DOI: 10.1093/geroni/igad104.3137 ISSN: 2399-5300


Qiao Huang, Adam Said, Yuqiong Wu, Jeremy Walston, Reyhan Westbrook, Peter M Abadir
  • Life-span and Life-course Studies
  • Health Professions (miscellaneous)
  • Health (social science)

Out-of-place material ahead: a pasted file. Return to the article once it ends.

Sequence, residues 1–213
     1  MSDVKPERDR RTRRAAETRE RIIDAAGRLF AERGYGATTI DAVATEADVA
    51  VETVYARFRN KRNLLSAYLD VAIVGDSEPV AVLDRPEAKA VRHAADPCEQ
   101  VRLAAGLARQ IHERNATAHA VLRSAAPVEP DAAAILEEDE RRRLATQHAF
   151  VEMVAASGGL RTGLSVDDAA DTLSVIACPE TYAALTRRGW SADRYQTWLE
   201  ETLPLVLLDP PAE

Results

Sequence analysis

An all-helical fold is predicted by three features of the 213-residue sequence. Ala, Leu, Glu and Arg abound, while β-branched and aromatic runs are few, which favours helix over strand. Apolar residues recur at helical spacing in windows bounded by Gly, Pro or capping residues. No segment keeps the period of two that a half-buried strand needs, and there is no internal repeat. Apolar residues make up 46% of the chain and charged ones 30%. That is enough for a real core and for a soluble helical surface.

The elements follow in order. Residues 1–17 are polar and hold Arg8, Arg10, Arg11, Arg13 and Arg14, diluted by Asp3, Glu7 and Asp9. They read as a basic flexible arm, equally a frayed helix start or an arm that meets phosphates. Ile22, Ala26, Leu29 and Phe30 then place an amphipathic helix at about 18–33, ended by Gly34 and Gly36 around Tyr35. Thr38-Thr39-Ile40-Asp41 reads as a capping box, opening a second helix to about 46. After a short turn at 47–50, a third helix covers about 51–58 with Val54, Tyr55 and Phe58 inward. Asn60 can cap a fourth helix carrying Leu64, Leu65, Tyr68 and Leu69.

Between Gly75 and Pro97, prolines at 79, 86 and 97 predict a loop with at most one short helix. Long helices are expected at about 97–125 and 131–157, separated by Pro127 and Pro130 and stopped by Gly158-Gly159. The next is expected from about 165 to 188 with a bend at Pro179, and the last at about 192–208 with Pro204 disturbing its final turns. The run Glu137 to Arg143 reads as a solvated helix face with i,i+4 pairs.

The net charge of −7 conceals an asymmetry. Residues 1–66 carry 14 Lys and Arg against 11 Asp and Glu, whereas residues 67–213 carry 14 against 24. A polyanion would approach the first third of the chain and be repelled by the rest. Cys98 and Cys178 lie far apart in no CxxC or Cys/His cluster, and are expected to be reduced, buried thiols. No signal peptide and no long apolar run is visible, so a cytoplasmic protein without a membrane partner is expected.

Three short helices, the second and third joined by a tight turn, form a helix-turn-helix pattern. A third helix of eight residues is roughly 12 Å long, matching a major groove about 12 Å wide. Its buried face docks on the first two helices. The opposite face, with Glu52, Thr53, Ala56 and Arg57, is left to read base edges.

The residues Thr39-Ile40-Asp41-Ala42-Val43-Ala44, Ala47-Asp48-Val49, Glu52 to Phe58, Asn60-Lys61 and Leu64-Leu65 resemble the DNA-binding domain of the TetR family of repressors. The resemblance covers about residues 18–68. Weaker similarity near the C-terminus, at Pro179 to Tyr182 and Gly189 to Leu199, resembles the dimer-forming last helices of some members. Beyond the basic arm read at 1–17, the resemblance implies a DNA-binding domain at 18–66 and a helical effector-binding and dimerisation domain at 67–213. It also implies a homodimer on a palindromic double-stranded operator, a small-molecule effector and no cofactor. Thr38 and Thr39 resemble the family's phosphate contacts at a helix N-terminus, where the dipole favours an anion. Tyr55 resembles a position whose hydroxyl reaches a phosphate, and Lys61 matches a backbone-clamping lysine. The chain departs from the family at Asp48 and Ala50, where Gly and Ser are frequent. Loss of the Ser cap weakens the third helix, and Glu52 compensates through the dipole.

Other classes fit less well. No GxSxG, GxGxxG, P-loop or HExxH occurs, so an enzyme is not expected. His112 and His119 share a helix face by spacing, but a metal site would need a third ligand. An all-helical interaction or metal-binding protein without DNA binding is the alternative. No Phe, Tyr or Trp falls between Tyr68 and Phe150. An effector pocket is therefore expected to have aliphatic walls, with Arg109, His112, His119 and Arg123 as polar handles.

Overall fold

The increasing prevalence of physical frailty and aging related diseases in older adults necessitates the development of novel biological strategies to slow age-related declines. In humans, tryptophan metabolism through the kynurenine pathway (KP), which produces the energy metabolite and cellular cofactor nicotinamide adenine dinucleotide (NAD+), has been linked to various aging-related diseases including metabolic syndrome, neurodegenerative diseases, and physical frailty. Elevated levels of KP metabolites, such as 3-hydroxykinurenine (3-HK), correlate negatively with lifespan and physical function. A profile of downstream KP metabolites in the serum of older adults showed that 3-HK was increased in frail compared to both non-frail and young subjects, and liver kynurenine/tryptophan ratio correlates negatively with maximum lifespan in twenty-six mammalian species. To comprehensively explore the effects of elevated cytotoxic KP metabolites, we fed DGRP_229 Drosophila males diet infused with 3-HK. We found that treatment with 3-HK reduced average lifespan by 17% (P< 0.0001) compared against control. To elucidate the biological mechanisms of 3-HK treatment, we performed qRT-PCR on 11 genes involved in tryptophan metabolism. We found that treatment with 3-HK significantly decreased the expression of nicotinate phosphoribosyltransferase (Naprt) (P=0.0022), which plays an important role in NAD+ biosynthesis and protects against oxidative stress. Our findings indicate that some of the detrimental effects observed after 3-HK supplementation may be mediated by changes in NAD+ biosynthesis and highlight the potential feasibility of using NAD+ supplementation as an intervention method.

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